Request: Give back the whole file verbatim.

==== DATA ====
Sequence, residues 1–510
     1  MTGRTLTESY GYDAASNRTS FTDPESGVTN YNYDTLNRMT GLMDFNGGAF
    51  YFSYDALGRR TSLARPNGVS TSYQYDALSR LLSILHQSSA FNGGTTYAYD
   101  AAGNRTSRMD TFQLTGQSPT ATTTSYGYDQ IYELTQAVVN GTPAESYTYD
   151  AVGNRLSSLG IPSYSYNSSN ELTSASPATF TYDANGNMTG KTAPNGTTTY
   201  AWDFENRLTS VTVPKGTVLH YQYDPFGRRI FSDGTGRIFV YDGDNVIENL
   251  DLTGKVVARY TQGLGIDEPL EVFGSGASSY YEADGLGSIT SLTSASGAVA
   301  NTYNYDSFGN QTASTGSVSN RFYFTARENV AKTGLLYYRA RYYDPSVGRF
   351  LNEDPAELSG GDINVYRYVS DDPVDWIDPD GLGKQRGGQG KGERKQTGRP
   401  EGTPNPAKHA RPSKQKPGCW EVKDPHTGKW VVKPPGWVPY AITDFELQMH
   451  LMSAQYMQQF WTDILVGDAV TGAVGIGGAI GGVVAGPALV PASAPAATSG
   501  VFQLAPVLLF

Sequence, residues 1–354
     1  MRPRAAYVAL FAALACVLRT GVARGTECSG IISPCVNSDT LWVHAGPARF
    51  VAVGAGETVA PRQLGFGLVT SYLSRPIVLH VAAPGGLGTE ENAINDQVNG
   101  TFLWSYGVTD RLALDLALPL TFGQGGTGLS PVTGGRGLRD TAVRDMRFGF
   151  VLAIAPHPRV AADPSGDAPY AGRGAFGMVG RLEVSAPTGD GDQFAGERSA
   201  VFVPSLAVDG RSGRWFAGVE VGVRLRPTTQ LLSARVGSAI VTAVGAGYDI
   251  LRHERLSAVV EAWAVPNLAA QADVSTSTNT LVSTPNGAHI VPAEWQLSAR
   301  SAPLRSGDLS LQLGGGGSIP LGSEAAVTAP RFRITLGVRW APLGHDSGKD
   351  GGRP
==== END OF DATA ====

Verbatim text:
Sequence, residues 1–510
     1  MTGRTLTESY GYDAASNRTS FTDPESGVTN YNYDTLNRMT GLMDFNGGAF
    51  YFSYDALGRR TSLARPNGVS TSYQYDALSR LLSILHQSSA FNGGTTYAYD
   101  AAGNRTSRMD TFQLTGQSPT ATTTSYGYDQ IYELTQAVVN GTPAESYTYD
   151  AVGNRLSSLG IPSYSYNSSN ELTSASPATF TYDANGNMTG KTAPNGTTTY
   201  AWDFENRLTS VTVPKGTVLH YQYDPFGRRI FSDGTGRIFV YDGDNVIENL
   251  DLTGKVVARY TQGLGIDEPL EVFGSGASSY YEADGLGSIT SLTSASGAVA
   301  NTYNYDSFGN QTASTGSVSN RFYFTARENV AKTGLLYYRA RYYDPSVGRF
   351  LNEDPAELSG GDINVYRYVS DDPVDWIDPD GLGKQRGGQG KGERKQTGRP
   401  EGTPNPAKHA RPSKQKPGCW EVKDPHTGKW VVKPPGWVPY AITDFELQMH
   451  LMSAQYMQQF WTDILVGDAV TGAVGIGGAI GGVVAGPALV PASAPAATSG
   501  VFQLAPVLLF

Sequence, residues 1–354
     1  MRPRAAYVAL FAALACVLRT GVARGTECSG IISPCVNSDT LWVHAGPARF
    51  VAVGAGETVA PRQLGFGLVT SYLSRPIVLH VAAPGGLGTE ENAINDQVNG
   101  TFLWSYGVTD RLALDLALPL TFGQGGTGLS PVTGGRGLRD TAVRDMRFGF
   151  VLAIAPHPRV AADPSGDAPY AGRGAFGMVG RLEVSAPTGD GDQFAGERSA
   201  VFVPSLAVDG RSGRWFAGVE VGVRLRPTTQ LLSARVGSAI VTAVGAGYDI
   251  LRHERLSAVV EAWAVPNLAA QADVSTSTNT LVSTPNGAHI VPAEWQLSAR
   301  SAPLRSGDLS LQLGGGGSIP LGSEAAVTAP RFRITLGVRW APLGHDSGKD
   351  GGRP